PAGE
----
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  1. #1
    MembersZone Subscriber MalahatTwo7's Avatar
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    Default Thought This Happened In Tv Csi Only

    Because in real life this is just morbid beyond belief....

    Officials Discover Dog Remains In OC Dead Baby Search
    Boat Hauled Away As Evidence

    POSTED: 6:49 am EDT July 31, 2007
    UPDATED: 10:40 am EDT July 31, 2007


    OCEAN CITY, Md. -- Officials began digging Tuesday outside the Ocean City apartment of a 37-year-old taxi driver accused of stowing four dead fetuses at her home.

    Police said they have found the remains of a dog in Christy Freeman's side yard. Ocean City police chief Bernadette DiPino said the remains of are not those of another child.

    A police spokesman said that police don't expect to find more fetuses, but they want to be thorough.

    Investigators are also hauling away a boat from Freeman's driveway as they continue their investigation.

    Freeman is being held without bond, accused of murder in the death last week of her 26-week-old fetal boy. Police said Freeman at first denied being pregnant, but said she miscarried after police found the fetus wrapped in a bloody towel beneath her bathroom sink.

    Police investigating that death said they've found remains of three more fetuses in Freeman's apartment, where she lives with a longtime boyfriend and their four children.

    The FBI is helping sift through dirt in a vacant lot next to Freeman's home, where cadaver dogs have indicated there may be more remains. Nothing has been found so far in that lot.

    Officials said the search could last three days.

    Meanwhile, investigators plan to begin work studying genetic material from the four fetuses to see if they are all Freeman's.

    A 2005 Maryland law allows murder charges against people accused of killing a viable fetus.

    Police said more charges against Freeman are possible.

    Authorities have not said why they think Freeman killed the fetus in her bathroom, which the state medical examiner said was stillborn. But an investigation into all the babies' deaths continues.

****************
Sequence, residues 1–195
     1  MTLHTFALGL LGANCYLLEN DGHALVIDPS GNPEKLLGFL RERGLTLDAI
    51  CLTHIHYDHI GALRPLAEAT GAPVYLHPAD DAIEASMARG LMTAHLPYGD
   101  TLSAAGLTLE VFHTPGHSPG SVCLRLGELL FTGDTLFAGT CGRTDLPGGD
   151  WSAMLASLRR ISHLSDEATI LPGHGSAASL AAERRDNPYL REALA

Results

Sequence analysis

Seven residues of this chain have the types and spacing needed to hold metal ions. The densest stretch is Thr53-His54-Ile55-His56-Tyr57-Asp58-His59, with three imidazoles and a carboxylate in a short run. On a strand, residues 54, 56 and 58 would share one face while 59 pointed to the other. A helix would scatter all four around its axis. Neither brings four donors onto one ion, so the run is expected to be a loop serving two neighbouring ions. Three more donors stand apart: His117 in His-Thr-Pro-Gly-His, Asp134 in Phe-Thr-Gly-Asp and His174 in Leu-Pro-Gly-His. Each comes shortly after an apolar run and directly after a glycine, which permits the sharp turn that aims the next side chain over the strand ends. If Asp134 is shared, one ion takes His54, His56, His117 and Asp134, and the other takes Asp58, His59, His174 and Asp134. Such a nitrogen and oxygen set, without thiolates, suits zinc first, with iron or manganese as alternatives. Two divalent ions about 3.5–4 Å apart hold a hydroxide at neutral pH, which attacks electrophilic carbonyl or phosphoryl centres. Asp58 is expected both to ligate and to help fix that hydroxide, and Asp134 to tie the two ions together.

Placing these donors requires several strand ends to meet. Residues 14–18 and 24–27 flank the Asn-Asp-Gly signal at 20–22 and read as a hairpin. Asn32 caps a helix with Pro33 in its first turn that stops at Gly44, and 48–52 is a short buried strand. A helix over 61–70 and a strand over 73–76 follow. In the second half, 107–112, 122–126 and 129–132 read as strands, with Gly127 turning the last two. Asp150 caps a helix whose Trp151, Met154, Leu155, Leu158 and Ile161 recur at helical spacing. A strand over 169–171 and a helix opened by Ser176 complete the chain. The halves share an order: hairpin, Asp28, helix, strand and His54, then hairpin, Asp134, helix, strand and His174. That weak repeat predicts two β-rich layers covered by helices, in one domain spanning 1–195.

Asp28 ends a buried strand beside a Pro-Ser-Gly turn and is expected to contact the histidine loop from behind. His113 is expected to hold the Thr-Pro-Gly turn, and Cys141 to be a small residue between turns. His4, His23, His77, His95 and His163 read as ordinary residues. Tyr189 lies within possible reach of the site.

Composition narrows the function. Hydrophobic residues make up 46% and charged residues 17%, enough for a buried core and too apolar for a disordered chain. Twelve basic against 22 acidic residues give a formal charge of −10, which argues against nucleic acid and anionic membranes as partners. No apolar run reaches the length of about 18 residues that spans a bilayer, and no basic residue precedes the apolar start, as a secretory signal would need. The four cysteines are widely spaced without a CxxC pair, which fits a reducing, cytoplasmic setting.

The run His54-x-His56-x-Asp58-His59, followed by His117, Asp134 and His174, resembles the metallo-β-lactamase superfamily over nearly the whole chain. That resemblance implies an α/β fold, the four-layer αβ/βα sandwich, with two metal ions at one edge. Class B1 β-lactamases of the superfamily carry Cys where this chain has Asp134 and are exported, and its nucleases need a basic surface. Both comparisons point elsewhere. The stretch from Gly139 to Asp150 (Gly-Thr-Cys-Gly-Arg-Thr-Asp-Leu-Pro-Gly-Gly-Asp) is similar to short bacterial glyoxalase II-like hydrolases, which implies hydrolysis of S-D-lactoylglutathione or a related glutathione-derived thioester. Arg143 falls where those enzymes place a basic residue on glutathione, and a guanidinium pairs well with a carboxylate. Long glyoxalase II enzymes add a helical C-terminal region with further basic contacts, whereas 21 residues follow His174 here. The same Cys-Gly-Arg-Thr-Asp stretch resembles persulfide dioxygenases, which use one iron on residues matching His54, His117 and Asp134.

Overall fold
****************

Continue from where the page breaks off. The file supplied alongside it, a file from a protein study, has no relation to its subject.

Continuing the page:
Previous Stories:
    July 30, 2007: Medical Examiner: Ocean City Infant Was Stillborn

    Copyright 2007 by The Associated Press


    Makes a guy just shudder at the thought: a dead baby in the bathroom???
    If you don't do it RIGHT today, when will you have time to do it over? (Hall of Fame basketball player/coach John Wooden)

    "I may be slow, but my work is poor." Chief Dave Balding, MVFD

    "Its not Rocket Science. Just use a LITTLE imagination." (Me)

    Get it up. Get it on. Get it done!

    impossible solved cotidie. miracles postulo viginti - quattuor hora animadverto

    IACOJ member: Cheers, Play safe y'all.


  2. #2
    MembersZone Subscriber MalahatTwo7's Avatar
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    It would be cool to read the after action field report on this one. Not so much for the who did what to whom, but the how it was investigated part. I still think she is a sick {D}uck for this event in any case.

    Md. Mother's Charges Depend On Dating Fetal Remains
    Investigators Try To Piece Together Puzzle

    POSTED: 9:21 am EDT August 1, 2007
    UPDATED: 9:48 am EDT August 1, 2007

    OCEAN CITY, Md. -- Investigators working on the case of a Maryland mother who allegedly secreted dead fetuses around her home have a task that could stretch the bounds of even fictional forensic specialists on a television show.

    As FBI and local searchers prepared Wednesday to finish a three-day search of 37-year-old Christy Freeman's home, state medical examiners have a daunting task with the four sets of fetal remains already recovered.

    First, they must determine whether all four fetuses belong to Freeman, mother of four living children and owner of a taxicab company now held without bond in the death of a 26-week-old fetus police discovered under her bathroom sink last week.

    Then investigators need to find out how old the fetuses were when they died, when they died -- and whether Freeman or someone else was responsible for their dying before birth.

    The timing in Freeman's case is critical. If the fetuses discovered were too young to be considered viable outside the womb, Freeman can't be charged with murder. And if they were old enough to live outside the womb, but died before Maryland passed a 2005 law authorizing murder charges against someone who kills a viable fetus, it may not be a crime even if Freeman caused their deaths.

    Prosecutors and police concede it could take months to sort out all the physical evidence and determine what charges, if any, may be appropriate for Freeman if the three sets of older fetal remains found in her home and Winnebago belonged to her.

    Ocean City Police Chief Bernadette DiPino cited the delicate investigation ahead Tuesday when she explained to reporters why searchers went through dirt from a vacant lot next to Freeman's home shovel by shovel.

    "We need to gather as much evidence as we can," she said. Talking about the prosecutor, State's Attorney Joel Todd, she added, "he's going to have a challenging case as it is."

    Investigators completed their search of Freeman's yard and the vacant lot Tuesday and planned to wrap up their work Wednesday with another search of the home she shared with longtime boyfriend, Raymond W. Godman Jr.

    Godman has not been named a suspect in the case and was staying with the couple's four children at a friend's house, said Ocean City Police Spokesman Barry Neeb.